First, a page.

Therapy for treating infections due to MRSA is often limited to glycopeptide antibiotics like vancomycin or the newly approved drugs such as linezolid and quinupristin/dalfopristin.  Reports of reduced susceptibility to vancomycin are posing a great threat to the viability of the available treatment options.  There have been reports of hetero-vancomycin intermediate S. aureus, subpopulations with reduced susceptibility within the strains with an MIC within the susceptible range of ≤4 μg/ml. 
Clinically, the CA pyodermas were commonly primary infections, occurring more frequently in young adults and over the extremities. HA pyodermas were more often secondary pyodermas in middle-aged patients and were characterized by a larger surface area of involvement.
An alarming resistance pattern was noted to commonly used antibiotics in this study. Amoxiclav has a mid-range susceptibility pattern similar to cotrimoxazole and ciprofloxacin. A strong sensitivity pattern to cephalosporins was seen. Prevalence of MRSA isolated from community was 11.3% (CA-MRSA) and nosocomial was 18% (HA-MRSA), with an overall prevalence of MRSA was 13%. Phakade found no MRSA in 619 cases of CA-SAP in a study conducted at KEM Hospital, Mumbai, India, whereas 45% of HA-SAP was methicillinresistant.  The prevalence of HA-MRSA in our study was found to be lower than other reports, but that of CA-MRSA was found concordant with reported series [Table 7]. Tiwari reported a prevalence of HA-MRSA isolated from tissue fluids in a tertiary hospital in Bhubaneshwar, India, the maximum 45% was from pus. MRSA strains were having 100% sensitivity to vancomycin and linezolid as noted by us in our study and 92.9% sensitivity to teicoplanin.  Fatality due to MRSA among 200 cases of pyoderma in our study was 1%. These patients belonged to the HA-MRSA group and succumbed to MRSA infection despite treatment with vancomycin. Septicemia and multiorgan failure had set in before the institution of susceptible antibiotic in them.
In order to reduce the problem of antibiotic resistance, it is mandatory to survey and screen clinical isolates for resistance. This is necessary in situations of staphylococcal outbreaks inclosed surroundings (MRSA or MSSA infections in a critical care environment or high dependency domiciliary centers as in old-age homes). Isolates can be obtained from the axilla, nasal cavity, groin, perineum, and throat. ,, However, it may not be practical in an out-patient setting. Efforts must then be channeled toward prudent antibiotic use based on maximal field susceptibility in a given locality, as documented in this study, and by minimizing confounding factors for the development and persistence of infection.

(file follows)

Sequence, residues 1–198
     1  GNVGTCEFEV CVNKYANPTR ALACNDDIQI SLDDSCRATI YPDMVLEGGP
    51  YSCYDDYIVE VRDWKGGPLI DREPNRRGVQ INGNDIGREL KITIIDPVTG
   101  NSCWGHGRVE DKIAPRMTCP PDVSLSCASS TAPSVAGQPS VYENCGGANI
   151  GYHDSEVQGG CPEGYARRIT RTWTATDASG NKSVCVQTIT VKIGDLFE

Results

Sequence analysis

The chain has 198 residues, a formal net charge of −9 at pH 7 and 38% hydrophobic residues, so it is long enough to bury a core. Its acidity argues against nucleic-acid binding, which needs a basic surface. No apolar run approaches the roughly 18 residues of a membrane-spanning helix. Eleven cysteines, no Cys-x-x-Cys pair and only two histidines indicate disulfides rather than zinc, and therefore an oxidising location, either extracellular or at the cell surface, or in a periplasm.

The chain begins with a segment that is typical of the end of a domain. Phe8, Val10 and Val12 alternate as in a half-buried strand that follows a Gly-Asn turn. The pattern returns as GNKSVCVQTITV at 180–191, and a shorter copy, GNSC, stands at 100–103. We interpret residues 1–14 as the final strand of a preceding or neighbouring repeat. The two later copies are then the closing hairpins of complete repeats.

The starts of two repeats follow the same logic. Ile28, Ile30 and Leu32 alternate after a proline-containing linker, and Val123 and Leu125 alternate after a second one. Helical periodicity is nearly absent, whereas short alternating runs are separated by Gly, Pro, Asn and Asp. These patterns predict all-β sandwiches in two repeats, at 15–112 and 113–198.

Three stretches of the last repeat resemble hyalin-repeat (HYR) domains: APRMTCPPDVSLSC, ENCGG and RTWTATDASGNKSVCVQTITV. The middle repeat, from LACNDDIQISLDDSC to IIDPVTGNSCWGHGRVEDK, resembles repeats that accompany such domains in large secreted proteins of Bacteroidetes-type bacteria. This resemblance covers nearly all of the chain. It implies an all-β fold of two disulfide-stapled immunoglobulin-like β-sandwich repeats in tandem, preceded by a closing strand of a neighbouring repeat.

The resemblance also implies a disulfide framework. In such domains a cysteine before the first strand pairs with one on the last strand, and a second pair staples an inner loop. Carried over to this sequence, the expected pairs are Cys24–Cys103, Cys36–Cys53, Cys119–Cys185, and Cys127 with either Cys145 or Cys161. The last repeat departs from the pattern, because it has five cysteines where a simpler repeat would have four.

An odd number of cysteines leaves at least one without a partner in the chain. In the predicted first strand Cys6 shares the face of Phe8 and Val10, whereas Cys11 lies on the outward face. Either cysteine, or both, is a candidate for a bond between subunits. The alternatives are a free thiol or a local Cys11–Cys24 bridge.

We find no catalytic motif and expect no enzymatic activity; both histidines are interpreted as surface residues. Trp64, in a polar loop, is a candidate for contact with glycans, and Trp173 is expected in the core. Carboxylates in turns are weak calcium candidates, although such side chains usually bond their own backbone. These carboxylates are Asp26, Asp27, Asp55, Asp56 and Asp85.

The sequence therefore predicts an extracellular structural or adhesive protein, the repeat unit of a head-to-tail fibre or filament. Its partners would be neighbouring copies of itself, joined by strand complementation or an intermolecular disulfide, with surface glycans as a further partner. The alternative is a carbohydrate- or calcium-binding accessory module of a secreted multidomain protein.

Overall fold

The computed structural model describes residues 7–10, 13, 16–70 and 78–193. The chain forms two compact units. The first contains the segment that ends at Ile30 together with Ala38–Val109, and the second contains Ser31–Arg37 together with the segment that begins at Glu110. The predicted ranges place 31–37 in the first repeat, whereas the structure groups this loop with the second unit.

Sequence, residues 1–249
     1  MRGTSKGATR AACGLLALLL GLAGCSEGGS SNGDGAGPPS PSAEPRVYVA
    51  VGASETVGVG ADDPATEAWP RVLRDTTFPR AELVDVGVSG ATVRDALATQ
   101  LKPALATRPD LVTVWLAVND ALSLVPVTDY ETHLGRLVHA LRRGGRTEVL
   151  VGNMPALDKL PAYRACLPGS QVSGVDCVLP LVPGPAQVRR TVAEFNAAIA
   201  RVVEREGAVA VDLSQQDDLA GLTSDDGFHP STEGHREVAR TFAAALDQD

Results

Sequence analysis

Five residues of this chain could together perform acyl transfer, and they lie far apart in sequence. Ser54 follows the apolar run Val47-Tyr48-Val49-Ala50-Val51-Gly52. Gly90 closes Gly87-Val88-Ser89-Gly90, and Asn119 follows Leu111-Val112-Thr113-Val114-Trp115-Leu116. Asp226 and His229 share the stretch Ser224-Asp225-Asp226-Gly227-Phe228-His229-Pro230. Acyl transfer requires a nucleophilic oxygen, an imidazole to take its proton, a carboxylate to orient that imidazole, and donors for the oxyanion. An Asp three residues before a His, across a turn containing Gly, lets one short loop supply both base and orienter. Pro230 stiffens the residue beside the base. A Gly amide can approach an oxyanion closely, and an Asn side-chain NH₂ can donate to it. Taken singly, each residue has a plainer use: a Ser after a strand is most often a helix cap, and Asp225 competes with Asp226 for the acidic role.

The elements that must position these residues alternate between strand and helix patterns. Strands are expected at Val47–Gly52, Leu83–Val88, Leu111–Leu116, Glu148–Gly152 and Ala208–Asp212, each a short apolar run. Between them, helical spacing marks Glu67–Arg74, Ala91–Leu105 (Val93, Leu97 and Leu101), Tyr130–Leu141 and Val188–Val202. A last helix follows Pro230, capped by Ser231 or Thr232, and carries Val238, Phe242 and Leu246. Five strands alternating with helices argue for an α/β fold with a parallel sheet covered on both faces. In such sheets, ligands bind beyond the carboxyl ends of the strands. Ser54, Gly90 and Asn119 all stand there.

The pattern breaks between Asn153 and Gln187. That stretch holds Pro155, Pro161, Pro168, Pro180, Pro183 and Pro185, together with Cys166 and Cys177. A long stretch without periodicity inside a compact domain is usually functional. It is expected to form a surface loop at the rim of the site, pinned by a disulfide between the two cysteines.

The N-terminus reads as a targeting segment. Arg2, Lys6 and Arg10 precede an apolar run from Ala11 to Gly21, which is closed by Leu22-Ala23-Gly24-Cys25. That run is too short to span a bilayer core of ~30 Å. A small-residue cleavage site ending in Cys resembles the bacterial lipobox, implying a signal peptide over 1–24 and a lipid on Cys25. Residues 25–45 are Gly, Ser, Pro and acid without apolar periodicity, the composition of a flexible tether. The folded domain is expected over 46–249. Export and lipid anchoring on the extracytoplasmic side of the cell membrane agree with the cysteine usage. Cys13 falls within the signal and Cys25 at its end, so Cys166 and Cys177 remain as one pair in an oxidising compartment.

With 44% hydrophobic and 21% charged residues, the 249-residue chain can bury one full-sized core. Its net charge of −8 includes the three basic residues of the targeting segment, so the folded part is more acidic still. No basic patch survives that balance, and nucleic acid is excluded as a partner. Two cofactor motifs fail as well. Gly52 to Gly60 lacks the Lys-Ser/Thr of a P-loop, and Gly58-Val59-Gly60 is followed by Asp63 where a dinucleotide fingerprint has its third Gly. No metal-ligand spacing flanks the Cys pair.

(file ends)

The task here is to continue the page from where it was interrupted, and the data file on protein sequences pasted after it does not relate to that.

| References|| |
|1.||Thind P, Prakash SK, Wadhwa A, Garg VK, Pati B. Bacteriological profile of community-acquired pyodermas with special reference to methicillin resistant Staphylococcus aureus. Indian J Dermatol Venereol Leprol 2010;76:572-4. |
|2.||Patil R, Baveja S, Nataraj G, Khopkar U. Prevalence of methicillin-resistant Staphylococcus aureus (MRSA) in community-acquired primary pyoderma. Indian J Dermatol Venereol Leprol 2006;72:126-8. |
|3.||Sadick NS. Current aspects of bacterial infections of the skin. Dermatol Clin 1997;15:341-9. |
|4.||Cohen PR. Community-acquired methicillin-resistant Staphylococcus aureus skin infections: A review of epidemiology, clinical features, management, and prevention. Int J Dermatol 2007;46:1-11. |
|5.||Arbuthnott JP. Staphylococcus. In: Greenword D, Slack RE, Peutherer JF, editors. Medical Microbiology. 14 th ed. Edinburgh: Churchill Livingstone Publishers: Reprinted; 1994.p. 203-10. |
|6.||Mulligan ME, Murray-Leisure KA, Ribner BS, Standiford HC, John JF, Korvick JA, et al. Methicillin-resistant Staphylococcus aureus: A consensus review of the microbiology, pathogenesis, and epidemiology with implications for prevention and management. Am J Med 1993;94:313-28. |
|7.||David MZ, Daum RS. Community-associated methicillin-resistant Staphylococcus aureus: Epidemiology and clinical consequences of an emerging epidemic. Clin Microbiol Rev 2010;23:616-87. |
|8.||Bradley JM, Noone P, Townsend DE, Grubb WB. Methicillin-resistant Staphylococcus aureus in a London hospital. Lancet 1985;1:1493-5. |
|9.||Collignon P. Increased incidence of methicillin-resistant strains of Staphylococcus aureus in the community. J Infect Dis 1999;179:1592. |
|10.||Verma S, Joshi S, Chitnis V, Hemwani N, Chitnis D. Growing problem of methicillin resistant staphylococci-Indian scenario. Indian J Med Sci 2000;54:535-40. |
|11.||Moreillon P, Que Y. Staphylococcus aureus (including Staphylococcal Toxic Shock). In: Mandell GL, Bennet JE, Mandell DR, editors. Principles and practice of infectious diseases. 6 th ed. Pennsylvania: Churchill Livingstone; 2005. p. 2321-51. |
|12.||Safdar N, Narans L, Gordon B, Maki DG. Comparison of culture screening methods for detection of nasal carriage of methicillin-resistant Staphylococcus aureus: A prospective study comparing 32 methods. J Clin Microbiol 2003;41:3163-6. |
|13.||Wilker MA, Cockerill FR, Craig WA. Performance standards for anti-microbial susceptibility testing: 15 th informational supplement. Wayne, PA: CLSI, 2005; 25: M100-SI5. |